US oil prices plunged another 13% Friday, breaking below $18 a barrel. At one point, crude dropped to $17.33 a barrel — the weakest price since November 2001.
“This will save hundreds of thousands of energy jobs in the United States,” Trump tweeted Sunday.
Yet crude has renewed its selloff in recent days and is now down 39% in the two weeks since that April 3 peak.
Friday’s selloff was a bit bizarre, though. While US oil prices tumbled, Brent crude — the global benchmark — barely budged.
Although the front-month April contract for US oil plunged, the May contract held up well. The April contract expires early next week.
Ryan Fitzmaurice, energy strategist at Rabobank, said he expects this dynamic to be a “recurring theme” in 2020 as the market is forced to price in higher cost storage options.
“There is something anomalous going on. There may be someone caught on the wrong side of this trade who is getting squeezed,” said Matt Smith, director of commodity research at ClipperData. “That said, the history books will note that the front month price is at $17. It doesn’t particularly matter why.”
Supply-demand nightmare continues
Since hitting $63.27 a barrel in early January, US crude has now lost a stunning 73% of its value.
One major problem is that even though OPEC+ reached an historic agreement, the effects of the oil price war linger. Barrels continue to flow to the United States, inundating the market.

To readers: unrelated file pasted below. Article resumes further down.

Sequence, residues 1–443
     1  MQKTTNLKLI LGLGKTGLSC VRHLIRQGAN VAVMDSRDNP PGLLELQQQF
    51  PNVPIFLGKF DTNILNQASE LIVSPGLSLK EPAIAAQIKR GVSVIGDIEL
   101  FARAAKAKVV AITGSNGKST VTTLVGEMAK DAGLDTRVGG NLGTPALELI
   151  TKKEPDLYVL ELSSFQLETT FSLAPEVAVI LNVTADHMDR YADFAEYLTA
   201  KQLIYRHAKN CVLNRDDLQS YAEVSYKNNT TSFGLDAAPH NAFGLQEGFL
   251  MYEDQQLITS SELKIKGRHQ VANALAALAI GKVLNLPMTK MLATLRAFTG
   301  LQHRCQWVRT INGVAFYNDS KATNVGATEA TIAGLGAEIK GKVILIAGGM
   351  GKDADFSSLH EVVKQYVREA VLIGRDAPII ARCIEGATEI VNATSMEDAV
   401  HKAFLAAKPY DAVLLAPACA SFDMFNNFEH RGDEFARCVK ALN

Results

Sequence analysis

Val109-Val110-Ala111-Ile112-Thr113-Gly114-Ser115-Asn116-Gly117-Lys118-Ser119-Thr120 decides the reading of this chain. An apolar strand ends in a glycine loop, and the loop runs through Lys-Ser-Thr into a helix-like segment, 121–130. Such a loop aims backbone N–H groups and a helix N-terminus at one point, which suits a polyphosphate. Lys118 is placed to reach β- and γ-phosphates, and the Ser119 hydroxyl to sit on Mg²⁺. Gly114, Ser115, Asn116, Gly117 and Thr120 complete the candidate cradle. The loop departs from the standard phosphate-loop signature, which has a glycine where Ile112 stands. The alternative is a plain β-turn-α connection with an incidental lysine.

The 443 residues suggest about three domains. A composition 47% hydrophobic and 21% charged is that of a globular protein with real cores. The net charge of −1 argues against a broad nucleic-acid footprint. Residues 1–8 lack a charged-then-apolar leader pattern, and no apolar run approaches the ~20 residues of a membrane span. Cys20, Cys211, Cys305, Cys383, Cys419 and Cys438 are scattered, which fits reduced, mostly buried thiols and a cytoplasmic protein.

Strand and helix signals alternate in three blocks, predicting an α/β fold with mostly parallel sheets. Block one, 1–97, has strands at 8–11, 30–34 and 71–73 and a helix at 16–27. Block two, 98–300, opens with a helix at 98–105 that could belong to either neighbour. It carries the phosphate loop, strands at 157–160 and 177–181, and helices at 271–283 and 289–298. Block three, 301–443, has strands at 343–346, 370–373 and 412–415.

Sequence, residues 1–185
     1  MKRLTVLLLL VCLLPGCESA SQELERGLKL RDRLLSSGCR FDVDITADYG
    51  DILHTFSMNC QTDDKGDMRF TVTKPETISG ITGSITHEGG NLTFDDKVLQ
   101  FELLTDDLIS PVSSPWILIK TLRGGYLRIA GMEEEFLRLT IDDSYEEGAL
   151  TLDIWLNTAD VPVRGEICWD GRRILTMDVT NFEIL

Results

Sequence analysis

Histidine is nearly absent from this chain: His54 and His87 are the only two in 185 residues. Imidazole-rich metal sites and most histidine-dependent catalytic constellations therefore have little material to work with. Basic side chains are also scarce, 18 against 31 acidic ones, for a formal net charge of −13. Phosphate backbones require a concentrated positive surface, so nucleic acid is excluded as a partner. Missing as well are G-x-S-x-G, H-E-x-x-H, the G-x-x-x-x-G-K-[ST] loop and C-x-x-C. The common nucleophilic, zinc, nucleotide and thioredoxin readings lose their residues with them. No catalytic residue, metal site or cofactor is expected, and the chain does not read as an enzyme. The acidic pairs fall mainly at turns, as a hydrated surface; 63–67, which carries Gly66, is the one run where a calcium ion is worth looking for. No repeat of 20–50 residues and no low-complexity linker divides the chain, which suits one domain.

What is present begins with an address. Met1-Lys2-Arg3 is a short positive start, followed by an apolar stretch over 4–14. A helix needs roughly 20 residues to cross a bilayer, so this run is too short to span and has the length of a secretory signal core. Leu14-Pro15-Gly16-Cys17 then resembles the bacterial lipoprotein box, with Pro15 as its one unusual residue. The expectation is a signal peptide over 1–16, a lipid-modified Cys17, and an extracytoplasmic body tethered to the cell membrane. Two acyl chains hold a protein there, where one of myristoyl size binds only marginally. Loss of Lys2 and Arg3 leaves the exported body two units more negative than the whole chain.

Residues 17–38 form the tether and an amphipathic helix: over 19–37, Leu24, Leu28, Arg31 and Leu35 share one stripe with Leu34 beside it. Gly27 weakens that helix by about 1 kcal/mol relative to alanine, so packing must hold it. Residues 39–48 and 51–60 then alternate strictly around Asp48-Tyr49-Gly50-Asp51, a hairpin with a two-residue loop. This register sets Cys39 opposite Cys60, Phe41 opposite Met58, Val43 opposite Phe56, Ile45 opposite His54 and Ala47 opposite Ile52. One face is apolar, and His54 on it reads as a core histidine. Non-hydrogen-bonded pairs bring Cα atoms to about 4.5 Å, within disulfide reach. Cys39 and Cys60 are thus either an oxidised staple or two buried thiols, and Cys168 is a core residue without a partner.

The seven-day rolling average of exports from core OPEC nations and Russia has surged by 3.5 million barrels per day in April compared with March, according to ClipperData.
The supply glut keeps getting worse because demand has fallen off a cliff. Social distancing guidelines have shut down many passenger flights, forced people to work from home and shuttered factories.
That has caused barrels to pile up at an unprecedented pace, raising the risk the world will soon run out of space to store it all. The number of oil barrels in commercial storage spiked in the latest week by the most on record, a US Energy Information Administration report earlier this week showed.
“At that pace, storage capacity will be full in the not too distant future,” said Ryan Fitzmaurice, energy strategist at Rabobank.
Rystad Energy recently estimated that 140 US oil producers could file for bankruptcy this year if oil stays at $20 a barrel, followed by another 400 in 2021. That would cause countless jobs to disappear.